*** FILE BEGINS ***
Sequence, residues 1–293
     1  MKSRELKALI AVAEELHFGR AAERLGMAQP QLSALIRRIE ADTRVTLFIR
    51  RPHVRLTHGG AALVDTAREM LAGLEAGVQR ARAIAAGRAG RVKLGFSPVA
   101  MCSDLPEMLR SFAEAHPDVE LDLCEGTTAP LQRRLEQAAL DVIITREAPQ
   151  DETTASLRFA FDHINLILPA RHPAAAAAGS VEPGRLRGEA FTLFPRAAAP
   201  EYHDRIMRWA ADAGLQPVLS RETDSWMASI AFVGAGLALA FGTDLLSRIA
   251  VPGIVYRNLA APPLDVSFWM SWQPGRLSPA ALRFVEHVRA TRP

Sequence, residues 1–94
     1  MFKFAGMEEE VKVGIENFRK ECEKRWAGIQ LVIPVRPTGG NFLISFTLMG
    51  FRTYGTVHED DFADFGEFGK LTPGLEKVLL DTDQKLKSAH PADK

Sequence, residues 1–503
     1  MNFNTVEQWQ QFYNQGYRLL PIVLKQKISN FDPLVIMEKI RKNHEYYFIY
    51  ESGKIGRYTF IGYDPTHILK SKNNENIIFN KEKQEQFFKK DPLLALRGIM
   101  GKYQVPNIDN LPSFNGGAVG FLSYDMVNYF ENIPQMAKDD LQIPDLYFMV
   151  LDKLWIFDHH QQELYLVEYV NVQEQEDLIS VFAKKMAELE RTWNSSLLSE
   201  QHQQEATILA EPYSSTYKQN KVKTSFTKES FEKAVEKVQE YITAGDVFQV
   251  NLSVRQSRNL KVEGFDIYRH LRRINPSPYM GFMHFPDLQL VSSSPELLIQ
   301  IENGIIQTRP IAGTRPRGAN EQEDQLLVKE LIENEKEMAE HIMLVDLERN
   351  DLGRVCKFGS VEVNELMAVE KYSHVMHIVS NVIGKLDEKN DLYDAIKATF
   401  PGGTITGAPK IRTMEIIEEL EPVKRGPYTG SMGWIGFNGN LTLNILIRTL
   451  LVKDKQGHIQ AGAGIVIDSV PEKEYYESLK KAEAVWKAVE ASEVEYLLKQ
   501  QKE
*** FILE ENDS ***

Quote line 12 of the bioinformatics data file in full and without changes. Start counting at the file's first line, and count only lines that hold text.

     1  MNFNTVEQWQ QFYNQGYRLL PIVLKQKISN FDPLVIMEKI RKNHEYYFIY